A DISTURBING NEIGHBORHOOD INCIDENT involving domestic violence puts a mother and child on the run, jumping fences, shouting for help on the sidewalk in front of our house on Saturday. We are not home. We are a few minutes’ away from arriving home after an early morning outing with the dog. But the Lord provides. A middle-aged woman stops to assist.

“What caught my eye,” she tells us later, “wasn’t the cry for help, but the sight of the child on the sidewalk wearing nothing but underpants.”

I smiled at a boy with glasses looking out from the backseat of her car.

“I suggested he wait in the car, seeing as he wasn’t wearing clothes,” she said.

The younger woman, presumably the boy’s mother, sat in the grass. Her ex-husband had been called to come get them. Apparently it was the young woman’s current boyfriend who stirred things up.

I offered water and invited everyone to sit on my screenporch. The barefoot and barely clad boy told Wally his feet hurt from running on the sidewalk. Wally gave him a pair of socks, plus a light green t-shirt that hung off his shoulders but was long enough to cover the underpants. About 10 minutes later, the ex-husband showed up and off they went.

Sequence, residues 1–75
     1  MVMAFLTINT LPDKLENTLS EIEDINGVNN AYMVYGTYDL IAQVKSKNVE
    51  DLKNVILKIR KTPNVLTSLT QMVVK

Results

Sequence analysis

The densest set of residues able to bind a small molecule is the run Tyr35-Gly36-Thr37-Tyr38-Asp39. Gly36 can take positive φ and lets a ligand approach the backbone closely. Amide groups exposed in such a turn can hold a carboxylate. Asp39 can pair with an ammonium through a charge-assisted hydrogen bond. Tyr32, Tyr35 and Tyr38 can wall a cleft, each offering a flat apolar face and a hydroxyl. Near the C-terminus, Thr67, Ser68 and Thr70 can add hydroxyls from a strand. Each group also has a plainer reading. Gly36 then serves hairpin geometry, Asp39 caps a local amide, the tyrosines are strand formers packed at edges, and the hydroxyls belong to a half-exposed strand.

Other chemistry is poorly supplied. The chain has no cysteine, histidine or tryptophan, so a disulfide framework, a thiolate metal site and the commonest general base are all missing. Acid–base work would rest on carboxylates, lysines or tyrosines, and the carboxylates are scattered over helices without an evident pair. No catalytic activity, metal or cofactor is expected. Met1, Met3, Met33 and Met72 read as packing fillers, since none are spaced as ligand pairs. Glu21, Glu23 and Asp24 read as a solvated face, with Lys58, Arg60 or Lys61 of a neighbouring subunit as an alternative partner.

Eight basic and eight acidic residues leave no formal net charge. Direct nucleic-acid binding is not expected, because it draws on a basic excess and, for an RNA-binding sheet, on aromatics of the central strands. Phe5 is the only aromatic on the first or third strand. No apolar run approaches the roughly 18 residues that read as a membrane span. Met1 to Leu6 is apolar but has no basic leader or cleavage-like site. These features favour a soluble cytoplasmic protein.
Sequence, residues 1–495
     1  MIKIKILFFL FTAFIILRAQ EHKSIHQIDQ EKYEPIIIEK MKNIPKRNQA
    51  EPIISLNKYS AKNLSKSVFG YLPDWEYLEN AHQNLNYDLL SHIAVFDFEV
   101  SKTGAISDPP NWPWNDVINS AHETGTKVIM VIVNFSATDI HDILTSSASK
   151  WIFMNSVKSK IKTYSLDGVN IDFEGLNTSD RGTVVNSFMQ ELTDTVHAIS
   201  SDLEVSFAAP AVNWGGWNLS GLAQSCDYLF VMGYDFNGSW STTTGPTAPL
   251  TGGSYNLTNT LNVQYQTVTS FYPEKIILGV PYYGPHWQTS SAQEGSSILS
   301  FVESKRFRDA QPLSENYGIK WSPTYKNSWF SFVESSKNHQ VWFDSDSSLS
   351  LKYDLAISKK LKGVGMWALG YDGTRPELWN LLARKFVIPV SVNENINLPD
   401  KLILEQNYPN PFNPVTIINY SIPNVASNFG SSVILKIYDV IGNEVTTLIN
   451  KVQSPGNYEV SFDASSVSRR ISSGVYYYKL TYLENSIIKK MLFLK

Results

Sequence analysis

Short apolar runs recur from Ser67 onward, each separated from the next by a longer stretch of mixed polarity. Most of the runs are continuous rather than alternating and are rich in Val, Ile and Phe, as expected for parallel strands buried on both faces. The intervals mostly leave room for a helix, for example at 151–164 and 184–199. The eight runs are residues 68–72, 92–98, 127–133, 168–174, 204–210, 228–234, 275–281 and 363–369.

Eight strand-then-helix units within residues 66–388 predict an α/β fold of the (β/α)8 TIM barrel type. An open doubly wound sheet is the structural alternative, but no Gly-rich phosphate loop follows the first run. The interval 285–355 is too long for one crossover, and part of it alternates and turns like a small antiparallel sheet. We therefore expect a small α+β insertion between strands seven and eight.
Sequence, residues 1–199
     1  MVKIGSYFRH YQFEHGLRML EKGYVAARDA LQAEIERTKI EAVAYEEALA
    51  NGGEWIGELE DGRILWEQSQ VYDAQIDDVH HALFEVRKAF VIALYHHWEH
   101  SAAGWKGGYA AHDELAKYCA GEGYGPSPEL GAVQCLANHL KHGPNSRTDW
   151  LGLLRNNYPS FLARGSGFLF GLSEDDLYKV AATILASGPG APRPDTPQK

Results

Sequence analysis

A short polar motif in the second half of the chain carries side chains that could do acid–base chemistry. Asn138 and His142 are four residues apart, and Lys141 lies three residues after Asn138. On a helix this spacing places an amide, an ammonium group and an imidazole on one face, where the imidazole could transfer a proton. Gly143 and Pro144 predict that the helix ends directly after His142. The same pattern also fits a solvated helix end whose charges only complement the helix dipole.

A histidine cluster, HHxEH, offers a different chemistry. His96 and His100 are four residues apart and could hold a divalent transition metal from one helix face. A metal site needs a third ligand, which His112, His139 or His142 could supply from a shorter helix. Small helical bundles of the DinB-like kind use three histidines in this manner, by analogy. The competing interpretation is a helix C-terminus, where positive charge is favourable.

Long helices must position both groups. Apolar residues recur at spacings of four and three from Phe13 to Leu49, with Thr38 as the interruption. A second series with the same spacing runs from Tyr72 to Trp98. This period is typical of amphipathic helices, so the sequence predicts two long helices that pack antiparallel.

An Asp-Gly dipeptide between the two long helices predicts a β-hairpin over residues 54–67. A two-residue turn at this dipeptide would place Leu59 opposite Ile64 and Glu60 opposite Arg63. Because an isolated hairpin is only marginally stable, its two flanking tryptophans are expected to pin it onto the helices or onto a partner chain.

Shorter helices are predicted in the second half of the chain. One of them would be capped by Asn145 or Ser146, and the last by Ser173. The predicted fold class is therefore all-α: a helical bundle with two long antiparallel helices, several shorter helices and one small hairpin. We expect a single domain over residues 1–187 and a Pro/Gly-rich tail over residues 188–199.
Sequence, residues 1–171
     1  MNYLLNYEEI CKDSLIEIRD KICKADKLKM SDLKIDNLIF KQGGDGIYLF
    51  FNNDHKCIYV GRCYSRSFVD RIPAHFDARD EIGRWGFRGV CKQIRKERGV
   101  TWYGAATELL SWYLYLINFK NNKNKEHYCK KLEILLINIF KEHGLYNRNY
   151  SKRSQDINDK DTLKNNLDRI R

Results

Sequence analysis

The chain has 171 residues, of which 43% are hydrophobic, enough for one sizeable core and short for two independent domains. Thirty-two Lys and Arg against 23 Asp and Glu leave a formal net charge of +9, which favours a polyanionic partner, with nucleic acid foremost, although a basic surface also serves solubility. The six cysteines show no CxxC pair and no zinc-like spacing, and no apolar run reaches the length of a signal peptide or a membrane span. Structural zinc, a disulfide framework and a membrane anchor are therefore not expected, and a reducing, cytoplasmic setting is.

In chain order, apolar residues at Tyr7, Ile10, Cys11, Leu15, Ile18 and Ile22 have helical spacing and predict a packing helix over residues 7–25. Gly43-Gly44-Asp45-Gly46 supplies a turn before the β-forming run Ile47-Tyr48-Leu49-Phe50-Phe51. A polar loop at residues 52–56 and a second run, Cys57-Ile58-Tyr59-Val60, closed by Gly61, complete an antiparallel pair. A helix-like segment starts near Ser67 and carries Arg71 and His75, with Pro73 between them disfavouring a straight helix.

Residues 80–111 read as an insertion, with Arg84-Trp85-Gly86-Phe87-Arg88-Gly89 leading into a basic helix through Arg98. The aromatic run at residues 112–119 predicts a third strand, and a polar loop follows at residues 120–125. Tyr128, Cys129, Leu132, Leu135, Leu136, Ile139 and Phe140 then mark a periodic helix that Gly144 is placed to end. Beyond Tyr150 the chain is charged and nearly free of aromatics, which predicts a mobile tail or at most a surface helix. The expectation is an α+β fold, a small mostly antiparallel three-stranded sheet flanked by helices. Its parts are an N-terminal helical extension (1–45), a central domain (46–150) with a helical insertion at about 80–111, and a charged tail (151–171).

I did and said what seemed right in the moment, but later replayed over and over in my mind the conversation on the screenporch, wondering what more I could’ve done. The answer, it hit me in church next morning, is “Nothing. It was enough. I was enough.” Maybe that last part is something I really needed to hear. The replaying stopped after that.

We are at the midpoint of our weekly visits to OSU/TheJames! I planned to read today. Instead I wrote this post, which probably should’ve been a “Snippets” post.  It’s enough.

The world keeps spinning.

Buckeye leaf on lamppost at Ohio State.

Posted in clinical trial, community, DNA, hospitality, neighbor | 1 Comment